I decided, in a random moment of “Let’s do something different!”, to marry a Portobello mushroom with a tuna melt, which after some cruising around the internet I discovered is essentially a tuna salad with melted cheese sandwich.  Or something very close to that.

Mushroom Tuna Melt  |  www.carriebrown.com

I grilled (broiled) a huge old Portobello mushroom, melted some cheese on it, and then, when it came bubbling and sizzling out of the oven, heaped tuna salad on top.  It was fun, fast and fabulous.  It was also delicious.  I’ll be doing it again.

Jonathan will love this one: fish, Greek yogurt and tons of veggies – and really more assembly than cooking.  Hurrah!  He does love meals that don’t require more than assembly.  That’s JB’s perfect kinda dish.  Another thing that would make The Bailornator happy is that you can make a large batch of the tuna salad in advance and then just grill (broil) up your Portobello and cheese in 5 minutes when you get home for a super-fast, super-SANE supper.  I took the rest of the tuna salad as lunch the next day, along with a Romaine lettuce.  Lunch splendidness right there waiting in the ‘fridge as I headed out the door in the morning.  Love that.

I love how all the textures work in this – creamy dressing, silky melted cheese and crisp, crunchy veggies; all topping a sturdy, substantial super-‘shroom.  I ate mine out on the terrace in the dwindling Spring sunshine.  It was quite lovely.

I have now completely embraced both Tuna Salad and Portobello mushrooms.  Twelve years late, but I got there eventually.

Please don’t wait that long before you try this!

Mushroom Tuna Melt
Author: 
Prep time: 
Cook time: 
Total time: 
Serves: 2
 
Ingredients
  • Coconut oil spray
  • 2 large Portobello mushrooms
  • 3 oz / 85g strong cheddar cheese, grated
  • 1 can tuna
  • 1 large stick celery, finely sliced
  • ½ English cucumber, sliced and then quartered
  • 4 TBSP fat-free Greek yogurt
  • ½ TBSP lemon juice
  • 1 TBSP white wine vinegar
  • Sea salt and pepper
  • ½ tsp guar gum
Instructions
  1. Spray a baking sheet with coconut oil, place Portobello mushrooms upside down on the sheet and grill (broil) for about 6 minutes until tender.
  2. Meanwhile, in a bowl mix the tuna, celery, cucumber, Greek yogurt, lemon juice, white wine vinegar, and salt together well.
  3. Sprinkle the guar gum over the tuna salad and quickly mix immediately to incorporate it into the salad thoroughly.
  4. Spread the grated cheese evenly over the mushrooms and place back under the heat to melt the cheese, about 2 minutes.
  5. When the cheese is completely melted, remove the baking sheet from the oven.
  6. Carefully transfer each mushroom onto a separate plate.
  7. Pile tuna salad onto each mushroom.
  8. Grind some black pepper over and serve.

Mushroom Tuna Melt | www.carriebrown.com

 

 

 

*SANE™, inSANE, SANEity – terms used in Jonathan Bailor’s books, The Smarter Science of Slim (out of print) and The Calorie Myth.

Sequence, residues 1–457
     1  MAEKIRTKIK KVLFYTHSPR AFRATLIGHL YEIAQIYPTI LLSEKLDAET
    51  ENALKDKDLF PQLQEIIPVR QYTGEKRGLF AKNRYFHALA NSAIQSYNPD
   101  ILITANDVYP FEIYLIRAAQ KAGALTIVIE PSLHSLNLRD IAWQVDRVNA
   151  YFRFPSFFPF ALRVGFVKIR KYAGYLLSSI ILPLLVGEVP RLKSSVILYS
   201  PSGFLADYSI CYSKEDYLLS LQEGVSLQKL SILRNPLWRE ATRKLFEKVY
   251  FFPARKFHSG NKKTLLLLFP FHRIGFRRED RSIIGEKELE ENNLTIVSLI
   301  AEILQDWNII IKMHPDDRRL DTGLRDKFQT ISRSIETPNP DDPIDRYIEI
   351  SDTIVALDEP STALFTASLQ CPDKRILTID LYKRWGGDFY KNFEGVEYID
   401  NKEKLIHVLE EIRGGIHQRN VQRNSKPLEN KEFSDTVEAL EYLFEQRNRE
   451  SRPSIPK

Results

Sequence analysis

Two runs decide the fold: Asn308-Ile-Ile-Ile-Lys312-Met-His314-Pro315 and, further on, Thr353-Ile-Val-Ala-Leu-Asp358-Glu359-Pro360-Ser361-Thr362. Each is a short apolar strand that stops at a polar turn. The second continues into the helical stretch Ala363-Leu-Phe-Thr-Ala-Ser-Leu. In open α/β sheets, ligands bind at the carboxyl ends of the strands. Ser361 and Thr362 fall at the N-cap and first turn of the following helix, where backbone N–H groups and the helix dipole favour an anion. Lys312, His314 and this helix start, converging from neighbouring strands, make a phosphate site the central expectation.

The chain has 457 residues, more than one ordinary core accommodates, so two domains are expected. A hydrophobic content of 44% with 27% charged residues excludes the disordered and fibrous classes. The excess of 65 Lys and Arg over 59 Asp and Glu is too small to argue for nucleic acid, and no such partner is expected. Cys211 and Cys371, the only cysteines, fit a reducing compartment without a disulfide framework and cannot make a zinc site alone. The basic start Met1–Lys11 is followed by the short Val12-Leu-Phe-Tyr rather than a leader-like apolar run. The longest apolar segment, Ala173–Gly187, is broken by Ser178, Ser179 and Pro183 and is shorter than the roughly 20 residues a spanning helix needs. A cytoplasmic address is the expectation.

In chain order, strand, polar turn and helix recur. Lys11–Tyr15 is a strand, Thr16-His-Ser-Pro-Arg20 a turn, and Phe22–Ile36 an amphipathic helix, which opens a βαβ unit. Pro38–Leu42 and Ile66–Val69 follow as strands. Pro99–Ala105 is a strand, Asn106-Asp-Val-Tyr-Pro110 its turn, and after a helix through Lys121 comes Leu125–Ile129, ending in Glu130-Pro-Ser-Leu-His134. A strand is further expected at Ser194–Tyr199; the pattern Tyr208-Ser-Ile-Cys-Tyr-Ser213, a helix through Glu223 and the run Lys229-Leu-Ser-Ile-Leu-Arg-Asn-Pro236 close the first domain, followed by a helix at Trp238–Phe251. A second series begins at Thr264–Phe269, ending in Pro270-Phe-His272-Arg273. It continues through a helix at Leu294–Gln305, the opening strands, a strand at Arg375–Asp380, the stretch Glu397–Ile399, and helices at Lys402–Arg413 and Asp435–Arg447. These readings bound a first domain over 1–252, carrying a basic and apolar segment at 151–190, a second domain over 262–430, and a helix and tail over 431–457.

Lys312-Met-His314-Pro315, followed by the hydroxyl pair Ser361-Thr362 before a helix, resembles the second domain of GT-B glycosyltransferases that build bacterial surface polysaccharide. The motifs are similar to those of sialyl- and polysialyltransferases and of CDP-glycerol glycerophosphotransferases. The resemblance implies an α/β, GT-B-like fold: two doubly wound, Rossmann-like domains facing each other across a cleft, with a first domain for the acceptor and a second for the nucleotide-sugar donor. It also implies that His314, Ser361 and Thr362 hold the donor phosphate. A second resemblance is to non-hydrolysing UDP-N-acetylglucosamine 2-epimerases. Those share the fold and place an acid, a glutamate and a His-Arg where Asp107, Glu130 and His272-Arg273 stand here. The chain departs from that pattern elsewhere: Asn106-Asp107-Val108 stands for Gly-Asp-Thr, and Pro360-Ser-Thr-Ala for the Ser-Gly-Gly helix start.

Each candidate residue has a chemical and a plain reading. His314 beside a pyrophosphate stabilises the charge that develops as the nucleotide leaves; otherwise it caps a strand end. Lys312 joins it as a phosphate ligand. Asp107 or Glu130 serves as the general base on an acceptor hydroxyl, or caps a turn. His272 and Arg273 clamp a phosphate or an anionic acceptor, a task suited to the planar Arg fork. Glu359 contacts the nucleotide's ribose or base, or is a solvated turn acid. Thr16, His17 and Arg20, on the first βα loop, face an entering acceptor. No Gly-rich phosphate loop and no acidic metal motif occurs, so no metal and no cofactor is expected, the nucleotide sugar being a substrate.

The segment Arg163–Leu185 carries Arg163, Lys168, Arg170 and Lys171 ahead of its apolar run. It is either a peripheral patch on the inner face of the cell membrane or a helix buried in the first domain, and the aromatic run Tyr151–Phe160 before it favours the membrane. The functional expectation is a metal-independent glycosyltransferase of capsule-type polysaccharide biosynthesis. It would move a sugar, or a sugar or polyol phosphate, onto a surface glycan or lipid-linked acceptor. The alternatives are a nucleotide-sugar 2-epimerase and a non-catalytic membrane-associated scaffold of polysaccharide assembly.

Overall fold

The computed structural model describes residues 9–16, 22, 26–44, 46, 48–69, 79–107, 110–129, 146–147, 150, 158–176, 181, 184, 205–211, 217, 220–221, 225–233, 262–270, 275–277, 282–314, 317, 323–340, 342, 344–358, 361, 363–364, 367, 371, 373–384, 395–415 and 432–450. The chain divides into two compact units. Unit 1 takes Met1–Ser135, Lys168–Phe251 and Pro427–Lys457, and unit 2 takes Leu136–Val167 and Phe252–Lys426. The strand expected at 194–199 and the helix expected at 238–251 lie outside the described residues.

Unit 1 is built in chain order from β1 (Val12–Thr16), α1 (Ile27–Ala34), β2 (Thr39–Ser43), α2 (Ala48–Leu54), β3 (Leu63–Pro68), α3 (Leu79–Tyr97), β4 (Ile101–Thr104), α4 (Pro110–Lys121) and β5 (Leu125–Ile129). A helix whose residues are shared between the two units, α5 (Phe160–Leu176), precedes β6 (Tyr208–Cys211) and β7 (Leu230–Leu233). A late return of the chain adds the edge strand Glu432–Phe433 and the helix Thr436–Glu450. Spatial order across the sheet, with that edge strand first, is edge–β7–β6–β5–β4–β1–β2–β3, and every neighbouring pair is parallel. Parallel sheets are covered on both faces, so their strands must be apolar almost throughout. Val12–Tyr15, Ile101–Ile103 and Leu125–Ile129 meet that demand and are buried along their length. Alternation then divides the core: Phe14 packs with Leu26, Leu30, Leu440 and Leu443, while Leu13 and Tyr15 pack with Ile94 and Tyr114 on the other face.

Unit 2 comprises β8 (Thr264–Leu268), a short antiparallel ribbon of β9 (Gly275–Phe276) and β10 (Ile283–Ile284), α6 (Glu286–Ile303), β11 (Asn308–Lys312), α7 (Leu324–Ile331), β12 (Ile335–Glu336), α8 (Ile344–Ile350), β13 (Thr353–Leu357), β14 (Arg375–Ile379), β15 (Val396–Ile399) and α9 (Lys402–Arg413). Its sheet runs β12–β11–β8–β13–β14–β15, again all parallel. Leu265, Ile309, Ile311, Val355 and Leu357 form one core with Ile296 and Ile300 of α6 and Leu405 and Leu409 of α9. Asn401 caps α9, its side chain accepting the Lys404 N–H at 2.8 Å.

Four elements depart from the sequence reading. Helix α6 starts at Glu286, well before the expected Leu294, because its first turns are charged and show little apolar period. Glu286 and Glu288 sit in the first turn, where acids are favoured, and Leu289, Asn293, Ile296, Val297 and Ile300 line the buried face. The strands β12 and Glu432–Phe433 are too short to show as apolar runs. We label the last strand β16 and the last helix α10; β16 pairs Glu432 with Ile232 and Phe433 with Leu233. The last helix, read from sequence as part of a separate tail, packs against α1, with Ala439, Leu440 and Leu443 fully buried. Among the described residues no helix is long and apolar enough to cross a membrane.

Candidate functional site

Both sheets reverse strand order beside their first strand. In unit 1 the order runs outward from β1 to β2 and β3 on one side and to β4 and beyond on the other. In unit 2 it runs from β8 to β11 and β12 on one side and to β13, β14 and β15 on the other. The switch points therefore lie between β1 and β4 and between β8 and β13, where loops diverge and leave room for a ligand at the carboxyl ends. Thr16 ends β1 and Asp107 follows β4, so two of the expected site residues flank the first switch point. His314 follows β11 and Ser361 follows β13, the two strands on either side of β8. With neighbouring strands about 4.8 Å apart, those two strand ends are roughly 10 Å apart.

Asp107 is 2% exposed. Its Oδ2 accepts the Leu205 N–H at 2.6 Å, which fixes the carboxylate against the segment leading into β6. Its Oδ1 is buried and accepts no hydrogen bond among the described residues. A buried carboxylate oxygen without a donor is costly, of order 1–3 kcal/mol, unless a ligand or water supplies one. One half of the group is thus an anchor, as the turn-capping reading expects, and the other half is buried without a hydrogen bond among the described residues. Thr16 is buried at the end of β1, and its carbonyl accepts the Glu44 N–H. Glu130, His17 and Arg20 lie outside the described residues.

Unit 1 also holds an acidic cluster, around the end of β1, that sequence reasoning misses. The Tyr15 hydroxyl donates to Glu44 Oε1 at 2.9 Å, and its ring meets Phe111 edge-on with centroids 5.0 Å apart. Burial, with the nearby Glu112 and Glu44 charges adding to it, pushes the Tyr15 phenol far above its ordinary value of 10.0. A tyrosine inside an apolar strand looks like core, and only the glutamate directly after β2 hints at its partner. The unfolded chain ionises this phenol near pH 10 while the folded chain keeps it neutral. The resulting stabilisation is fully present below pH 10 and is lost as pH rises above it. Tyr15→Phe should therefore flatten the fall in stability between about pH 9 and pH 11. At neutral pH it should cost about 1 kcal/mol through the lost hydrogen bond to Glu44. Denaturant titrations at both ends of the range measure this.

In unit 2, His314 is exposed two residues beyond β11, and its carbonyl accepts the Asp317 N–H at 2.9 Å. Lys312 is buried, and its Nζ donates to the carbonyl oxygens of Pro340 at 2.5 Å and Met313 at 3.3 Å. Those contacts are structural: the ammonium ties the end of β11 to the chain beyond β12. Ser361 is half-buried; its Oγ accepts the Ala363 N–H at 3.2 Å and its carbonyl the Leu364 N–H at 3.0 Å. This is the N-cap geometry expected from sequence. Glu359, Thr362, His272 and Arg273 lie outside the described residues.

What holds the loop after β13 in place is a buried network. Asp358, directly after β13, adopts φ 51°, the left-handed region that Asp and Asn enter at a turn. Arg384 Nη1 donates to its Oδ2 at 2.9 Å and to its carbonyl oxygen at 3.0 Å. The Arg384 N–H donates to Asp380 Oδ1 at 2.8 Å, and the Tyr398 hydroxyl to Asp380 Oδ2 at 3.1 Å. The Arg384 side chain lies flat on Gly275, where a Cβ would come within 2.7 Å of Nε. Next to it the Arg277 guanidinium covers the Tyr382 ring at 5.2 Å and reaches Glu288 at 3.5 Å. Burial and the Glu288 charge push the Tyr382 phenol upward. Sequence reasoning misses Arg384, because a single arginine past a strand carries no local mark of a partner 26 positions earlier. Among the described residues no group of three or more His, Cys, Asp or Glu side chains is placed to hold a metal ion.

What does SANE mean? Click here.Want more scrumptious recipes? Click here to check out my SANE Cookbooks!

Susie - Sounds delish Carrie!!!
Two questions; where did you find coconut oil spray and did you use a 12 ounce can of tuna?
Thanks!

carrie - Hi Susie! Coconut Oil is readily available in US grocery stores. Since Trader Joe’s have recently introduced their own brand, I am now using that. I used a small can of tuna, but you could certainly double it if you wanted to up the protein. Hope that helps!

Susan - Made today for lunch. We don’t eat much cheese, but being a holiday we splurged. Didn’t have guar gum so didn’t use as we make tuna salad frequently with yogurt for lunch…usually over a big bunch of greens.

Loved the mushroom/cheese turna melt! Thank you.
-Susan

carrie - WOW, Susan – that was fast!!! I added guar gum as the yogurt tends to run with the warmth from the cooked mushroom, which wouldn’t happen with your usual greens, but if you found it went ok without then YAY! So glad you loved it!! :-)

Susan - Carrie – I had everything already so it was easy peasy! Keep them coming.

Sahara - We also tried this tonight (because it was fresh in my mind and I forgot to prep/marinate the chicken that was planned). So grateful for a quick and easy option. I also did not use the guar gum – because I didn’t have any and it worked just fine without it.
DH loved it – didn’t even notice the lack of mayo; DD – liked it but found it a bit too tangy; I thought it was just right. I never thought I’d be okay w/o the mayo, but the vinegar and lemon juice added just the right amount of zing for me. Thanks!

carrie - Sahara – different yogurts may work slightly different, so glad it worked out without the gum for you! So happy too, that you, DH, and DD all enjoyed it :-)

Philippa - Well that sorts lunch for tomorrow.

And to update you on England, we do have tuna melt (but it probably started in Starbucks), we now have Portobello mushrooms (at least M&S does) and canned tuna is beginning to get a bit more exotic – but I haven’t noticed albacore.

carrie - Great update, Philippa!!

Mushroom Pizza Bites » Carrie Brown | Living a SANE Life - […] fest.  It wasn’t intentional when I started out, but after I had so much fun with the Mushroom Tuna Melt, every time I saw a mushroom I wanted to stuff it with something. Those Portobellos with Tuna […]

Louise - I love to get recipies